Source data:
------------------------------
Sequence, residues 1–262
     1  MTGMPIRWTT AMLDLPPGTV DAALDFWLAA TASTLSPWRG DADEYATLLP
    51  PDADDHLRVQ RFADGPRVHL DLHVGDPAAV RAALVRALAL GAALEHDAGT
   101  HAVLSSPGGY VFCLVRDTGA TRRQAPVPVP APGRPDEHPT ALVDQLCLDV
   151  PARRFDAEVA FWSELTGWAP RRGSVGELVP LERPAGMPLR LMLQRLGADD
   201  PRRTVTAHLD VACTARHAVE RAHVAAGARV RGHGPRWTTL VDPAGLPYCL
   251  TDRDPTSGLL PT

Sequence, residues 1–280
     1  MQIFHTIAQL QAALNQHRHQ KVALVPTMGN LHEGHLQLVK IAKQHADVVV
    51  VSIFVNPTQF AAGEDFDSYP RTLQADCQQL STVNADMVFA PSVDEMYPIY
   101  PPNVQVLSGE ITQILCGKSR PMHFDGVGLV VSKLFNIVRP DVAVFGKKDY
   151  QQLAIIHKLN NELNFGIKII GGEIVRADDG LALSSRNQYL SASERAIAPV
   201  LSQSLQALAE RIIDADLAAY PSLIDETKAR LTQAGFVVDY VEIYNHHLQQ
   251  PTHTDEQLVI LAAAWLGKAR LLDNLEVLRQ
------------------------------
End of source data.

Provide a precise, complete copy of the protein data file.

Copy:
Sequence, residues 1–262
     1  MTGMPIRWTT AMLDLPPGTV DAALDFWLAA TASTLSPWRG DADEYATLLP
    51  PDADDHLRVQ RFADGPRVHL DLHVGDPAAV RAALVRALAL GAALEHDAGT
   101  HAVLSSPGGY VFCLVRDTGA TRRQAPVPVP APGRPDEHPT ALVDQLCLDV
   151  PARRFDAEVA FWSELTGWAP RRGSVGELVP LERPAGMPLR LMLQRLGADD
   201  PRRTVTAHLD VACTARHAVE RAHVAAGARV RGHGPRWTTL VDPAGLPYCL
   251  TDRDPTSGLL PT

Sequence, residues 1–280
     1  MQIFHTIAQL QAALNQHRHQ KVALVPTMGN LHEGHLQLVK IAKQHADVVV
    51  VSIFVNPTQF AAGEDFDSYP RTLQADCQQL STVNADMVFA PSVDEMYPIY
   101  PPNVQVLSGE ITQILCGKSR PMHFDGVGLV VSKLFNIVRP DVAVFGKKDY
   151  QQLAIIHKLN NELNFGIKII GGEIVRADDG LALSSRNQYL SASERAIAPV
   201  LSQSLQALAE RIIDADLAAY PSLIDETKAR LTQAGFVVDY VEIYNHHLQQ
   251  PTHTDEQLVI LAAAWLGKAR LLDNLEVLRQ